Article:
How to Mark

There are two main ways that singers mark. However, before we get to how to mark, let me give a little disclaimer.

Marking can be just as tiring, if not MORE tiring, than singing in full voice if you don’t do it properly. You may think you’re taking it easy, but you still have to think about breath, resonance, and tension in the same ways you would if you were singing in full voice. Otherwise, you could hurt yourself while marking, which completely negates the purpose of this vocal health tip!

Got it? OK, good. Moving on to the two main types of marking.

  • Sing quieter. When marking, singers often eliminate dynamics in favor of a comfortable piano. This often involves switching vocal registration (head voice instead of high chest voice, for example). The result is a lighter, easier sound than full voice singing. Not sure what this means? Refresh your knowledge of vocal registers.
  • Eliminate range extremes. When marking, singers avoid high notes by transposing them down an octave. For example, if I was marking and I had an E6 in my music, I would sing an E5 or E4 instead.

Mark Away

The next time you are feeling vocally strained while trying to learn new music or while in a rehearsal, remember this vocal health tip. When done properly, marking helps protect your voice from fatigue and injury, ensuring that you’ll sound great when performance time comes around. Your musical collaborators, your voice teacher, and your vocal cords will all appreciate that!

Post Author: Elaina R.
Elaina R. teaches opera voice and singing in Ypsilanti, MI, as well as through online lessons. She received her Master of Music from the University of Michigan, and she has a B.M. from the University of Southern California. Learn more about Elaina here!

Interested in Private Lessons?

Search thousands of teachers for local and live, online lessons. Sign up for convenient, affordable private lessons today!

Free TakeLessons Resource

MO - 6 Helpful Diction Exercises for Singers [Video]

6 Helpful Diction Exercises for Singers [Video]

MO - 6 Helpful Diction Exercises for Singers [Video]

Improve your technique (and your next performance) by working on diction! In this article, singing teacher Liz T. shares some great exercises to try out…

 

Imagine you’re at a concert, and your favorite artist gets up on stage to sing. You recognize a popular song from her album starting, but when she opens her mouth… you can’t decipher any of the lyrics.

As a singer, paying attention to diction — that is, the way you enunciate your words — can make a big impact on your performance. It’s a crucial part of connecting with your audience and even having proper vocal health!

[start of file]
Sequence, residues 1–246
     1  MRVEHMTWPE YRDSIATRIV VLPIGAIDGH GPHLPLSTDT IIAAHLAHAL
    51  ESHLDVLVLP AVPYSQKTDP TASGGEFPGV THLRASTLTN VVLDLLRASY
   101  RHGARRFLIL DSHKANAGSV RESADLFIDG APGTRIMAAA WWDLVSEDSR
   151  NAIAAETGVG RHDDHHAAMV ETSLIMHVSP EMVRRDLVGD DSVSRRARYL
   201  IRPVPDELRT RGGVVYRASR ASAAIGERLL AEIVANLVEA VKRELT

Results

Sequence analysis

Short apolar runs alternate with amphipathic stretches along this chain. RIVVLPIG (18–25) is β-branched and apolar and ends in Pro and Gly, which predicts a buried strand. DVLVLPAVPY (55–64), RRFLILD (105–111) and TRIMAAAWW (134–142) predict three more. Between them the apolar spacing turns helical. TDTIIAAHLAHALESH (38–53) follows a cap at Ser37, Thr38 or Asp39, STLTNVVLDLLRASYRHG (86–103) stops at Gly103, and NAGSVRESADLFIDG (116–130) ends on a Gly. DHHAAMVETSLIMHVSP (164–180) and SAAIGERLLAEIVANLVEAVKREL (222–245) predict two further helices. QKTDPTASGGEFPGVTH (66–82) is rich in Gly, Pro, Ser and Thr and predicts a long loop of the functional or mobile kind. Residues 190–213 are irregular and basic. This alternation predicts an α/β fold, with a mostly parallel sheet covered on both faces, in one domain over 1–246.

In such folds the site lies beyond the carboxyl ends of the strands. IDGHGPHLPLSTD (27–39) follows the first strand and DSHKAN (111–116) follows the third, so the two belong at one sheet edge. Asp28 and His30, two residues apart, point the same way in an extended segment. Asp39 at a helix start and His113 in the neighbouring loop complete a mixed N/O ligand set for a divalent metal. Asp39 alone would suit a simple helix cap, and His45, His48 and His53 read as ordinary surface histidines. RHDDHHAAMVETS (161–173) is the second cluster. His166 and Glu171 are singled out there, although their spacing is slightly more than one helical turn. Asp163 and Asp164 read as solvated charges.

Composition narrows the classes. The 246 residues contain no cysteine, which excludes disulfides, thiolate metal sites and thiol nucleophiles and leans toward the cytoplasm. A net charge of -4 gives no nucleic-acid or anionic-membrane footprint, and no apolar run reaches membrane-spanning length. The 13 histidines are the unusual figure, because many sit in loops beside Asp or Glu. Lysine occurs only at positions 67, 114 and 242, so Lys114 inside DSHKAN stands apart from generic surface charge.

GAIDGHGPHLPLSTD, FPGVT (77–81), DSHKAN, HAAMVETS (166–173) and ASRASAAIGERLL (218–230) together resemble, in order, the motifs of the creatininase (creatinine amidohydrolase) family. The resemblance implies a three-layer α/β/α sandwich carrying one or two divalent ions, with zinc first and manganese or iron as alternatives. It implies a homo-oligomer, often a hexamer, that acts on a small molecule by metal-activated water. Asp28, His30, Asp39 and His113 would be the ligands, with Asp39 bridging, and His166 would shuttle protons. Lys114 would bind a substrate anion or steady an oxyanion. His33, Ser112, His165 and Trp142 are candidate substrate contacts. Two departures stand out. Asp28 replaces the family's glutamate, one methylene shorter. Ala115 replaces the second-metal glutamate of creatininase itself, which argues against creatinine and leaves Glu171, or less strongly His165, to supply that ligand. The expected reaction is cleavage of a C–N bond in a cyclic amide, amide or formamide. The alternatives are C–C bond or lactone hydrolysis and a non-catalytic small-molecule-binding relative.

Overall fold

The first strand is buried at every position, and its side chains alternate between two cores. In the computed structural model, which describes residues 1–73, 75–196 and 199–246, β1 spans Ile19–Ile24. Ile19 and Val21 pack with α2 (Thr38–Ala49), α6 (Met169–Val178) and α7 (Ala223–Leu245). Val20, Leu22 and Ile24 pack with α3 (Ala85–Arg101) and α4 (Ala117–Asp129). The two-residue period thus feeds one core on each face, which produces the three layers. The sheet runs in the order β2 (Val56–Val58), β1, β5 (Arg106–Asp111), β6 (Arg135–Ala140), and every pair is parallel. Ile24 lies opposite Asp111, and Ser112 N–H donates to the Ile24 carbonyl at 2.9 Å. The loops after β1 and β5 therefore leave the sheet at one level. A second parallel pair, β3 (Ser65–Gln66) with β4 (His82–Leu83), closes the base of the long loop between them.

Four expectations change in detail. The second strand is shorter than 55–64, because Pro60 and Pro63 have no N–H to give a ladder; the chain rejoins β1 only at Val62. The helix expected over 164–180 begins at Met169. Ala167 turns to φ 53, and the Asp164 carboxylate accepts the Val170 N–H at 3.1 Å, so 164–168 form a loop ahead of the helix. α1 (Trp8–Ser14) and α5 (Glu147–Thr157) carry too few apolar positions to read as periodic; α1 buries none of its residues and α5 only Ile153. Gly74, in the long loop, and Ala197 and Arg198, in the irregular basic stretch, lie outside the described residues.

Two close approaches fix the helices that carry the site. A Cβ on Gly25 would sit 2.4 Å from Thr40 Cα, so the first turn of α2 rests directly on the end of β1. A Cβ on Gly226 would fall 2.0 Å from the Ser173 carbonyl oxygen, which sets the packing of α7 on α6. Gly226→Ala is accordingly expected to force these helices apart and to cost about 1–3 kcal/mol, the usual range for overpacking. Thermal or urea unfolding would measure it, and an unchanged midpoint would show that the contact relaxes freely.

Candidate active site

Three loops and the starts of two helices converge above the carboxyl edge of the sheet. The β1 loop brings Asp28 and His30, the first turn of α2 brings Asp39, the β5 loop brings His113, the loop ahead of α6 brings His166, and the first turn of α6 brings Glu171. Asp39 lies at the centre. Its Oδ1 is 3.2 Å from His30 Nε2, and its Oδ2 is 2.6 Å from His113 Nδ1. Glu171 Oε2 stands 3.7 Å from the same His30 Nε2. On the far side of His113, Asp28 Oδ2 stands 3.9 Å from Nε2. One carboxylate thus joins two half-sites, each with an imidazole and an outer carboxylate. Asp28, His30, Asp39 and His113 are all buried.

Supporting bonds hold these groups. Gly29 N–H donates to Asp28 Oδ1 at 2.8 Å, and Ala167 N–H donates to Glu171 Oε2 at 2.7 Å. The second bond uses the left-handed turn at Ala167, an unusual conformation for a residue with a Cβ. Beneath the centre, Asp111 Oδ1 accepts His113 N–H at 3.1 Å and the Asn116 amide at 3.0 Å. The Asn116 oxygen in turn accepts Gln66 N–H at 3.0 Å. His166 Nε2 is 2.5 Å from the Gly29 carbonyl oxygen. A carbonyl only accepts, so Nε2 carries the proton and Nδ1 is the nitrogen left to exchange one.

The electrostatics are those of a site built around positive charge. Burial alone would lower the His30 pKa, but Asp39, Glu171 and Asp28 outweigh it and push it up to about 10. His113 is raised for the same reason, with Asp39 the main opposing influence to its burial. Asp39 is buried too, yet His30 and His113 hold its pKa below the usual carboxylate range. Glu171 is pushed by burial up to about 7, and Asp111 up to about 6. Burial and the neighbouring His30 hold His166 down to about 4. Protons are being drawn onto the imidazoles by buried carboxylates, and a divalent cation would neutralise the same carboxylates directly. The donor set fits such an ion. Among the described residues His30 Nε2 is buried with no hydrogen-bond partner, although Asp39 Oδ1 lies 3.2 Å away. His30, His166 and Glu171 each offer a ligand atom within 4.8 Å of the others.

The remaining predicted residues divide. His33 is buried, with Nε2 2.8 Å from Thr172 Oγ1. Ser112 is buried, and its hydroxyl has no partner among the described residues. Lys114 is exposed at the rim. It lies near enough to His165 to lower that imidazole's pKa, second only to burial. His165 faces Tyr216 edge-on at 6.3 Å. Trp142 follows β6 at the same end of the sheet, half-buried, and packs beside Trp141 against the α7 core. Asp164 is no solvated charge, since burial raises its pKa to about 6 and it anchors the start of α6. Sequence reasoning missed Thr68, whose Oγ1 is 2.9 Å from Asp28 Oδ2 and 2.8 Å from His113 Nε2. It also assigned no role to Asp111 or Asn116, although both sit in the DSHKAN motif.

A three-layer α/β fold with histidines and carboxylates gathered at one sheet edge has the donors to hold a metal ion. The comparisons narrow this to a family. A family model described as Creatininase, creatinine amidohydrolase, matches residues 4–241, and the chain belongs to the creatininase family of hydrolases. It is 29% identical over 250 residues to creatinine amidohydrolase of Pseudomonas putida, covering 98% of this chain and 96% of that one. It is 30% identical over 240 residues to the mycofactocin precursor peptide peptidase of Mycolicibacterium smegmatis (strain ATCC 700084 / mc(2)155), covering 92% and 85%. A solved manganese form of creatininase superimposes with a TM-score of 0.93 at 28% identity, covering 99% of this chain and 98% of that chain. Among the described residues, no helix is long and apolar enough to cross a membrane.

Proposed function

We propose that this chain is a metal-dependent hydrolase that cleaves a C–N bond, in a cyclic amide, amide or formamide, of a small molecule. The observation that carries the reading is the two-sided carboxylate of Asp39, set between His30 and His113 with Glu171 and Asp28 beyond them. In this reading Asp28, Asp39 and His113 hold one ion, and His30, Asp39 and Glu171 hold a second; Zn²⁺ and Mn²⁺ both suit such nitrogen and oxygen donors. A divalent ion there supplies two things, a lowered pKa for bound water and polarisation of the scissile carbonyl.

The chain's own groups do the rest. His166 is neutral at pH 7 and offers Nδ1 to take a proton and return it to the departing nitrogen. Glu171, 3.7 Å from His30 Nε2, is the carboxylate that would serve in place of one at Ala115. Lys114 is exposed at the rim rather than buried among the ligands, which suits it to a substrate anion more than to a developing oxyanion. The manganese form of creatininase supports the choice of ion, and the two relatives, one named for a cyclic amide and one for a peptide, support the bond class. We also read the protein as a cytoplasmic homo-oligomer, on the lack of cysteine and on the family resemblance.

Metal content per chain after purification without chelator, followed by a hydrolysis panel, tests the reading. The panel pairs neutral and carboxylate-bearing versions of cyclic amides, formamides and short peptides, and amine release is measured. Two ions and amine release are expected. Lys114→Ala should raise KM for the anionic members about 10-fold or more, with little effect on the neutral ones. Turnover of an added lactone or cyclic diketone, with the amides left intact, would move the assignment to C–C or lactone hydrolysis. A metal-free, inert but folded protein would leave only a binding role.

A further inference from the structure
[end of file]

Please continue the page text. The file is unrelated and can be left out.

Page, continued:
If you struggle with you diction when you sing, though, don’t be ashamed. It is truly something all singers struggle with! It doesn’t mean you are a bad singer… but the better diction you have, the more your audience will be able to enjoy and appreciate your performance.

There are tons of diction exercises you can try, which will help you train yourself. Start adding these to your practice sessions, and you’ll notice a difference!

1) Practice Tongue Twisters

Try speaking your favorite tongue twisters first, and then try singing them! I recommend focusing on ones with letters or syllables that are more difficult for you. Start slow, and then work up to a faster speed. Really make sure you are articulating each sound. You can also try speaking or singing the alphabet to get the shapes ingrained in your muscle memory.

Here are a few tongue twisters that are great for improving your diction:

  • She sells seashells by the seashore.
  • Red leather, yellow leather.
  • Peter Piper picked a peck of pickled peppers.
  • Who washed Washington’s white woolen underwear, as Washington’s washer woman went West.
  • Mommy made me mash my M&Ms.

2) Study Phonetics (IPA)

For this exercise, take a look at the song you’re currently working on, and break down each word in the lyrics. Break apart the vowels, consonants, and diphthongs. Feel free to write in your score, if you need to spell a word differently for it to make sense in your singing.

Many singers refer to the IPA (International Phonetic Alphabet) when singing. This is a system derived from Latin that is used today as a standardized representation of sounds. It’s a great tool for singers to use and study!

3) Practice Vowels

Take some time focusing on each of the vowels: ah, ay, ee, oh, and oo. Add a consonant at the beginning (such as “mah, may, me…”) and sing through the list, making sure each one is clear.

4) Practice Consonants

Next, focus on consonants, like D, T, and N. Practice speaking the different sounds, repeating each a few times.

5) Do Some Lip Buzz/Trill

Warm up your lips, tongue, and teeth with simple lip buzzes and tongue trills.

6) Incorporate Breath Support

Pick one of the tongue twisters above, and practice saying it all in one breath.

Now that you’ve read the descriptions of the diction exercises, here’s a video you can follow along with: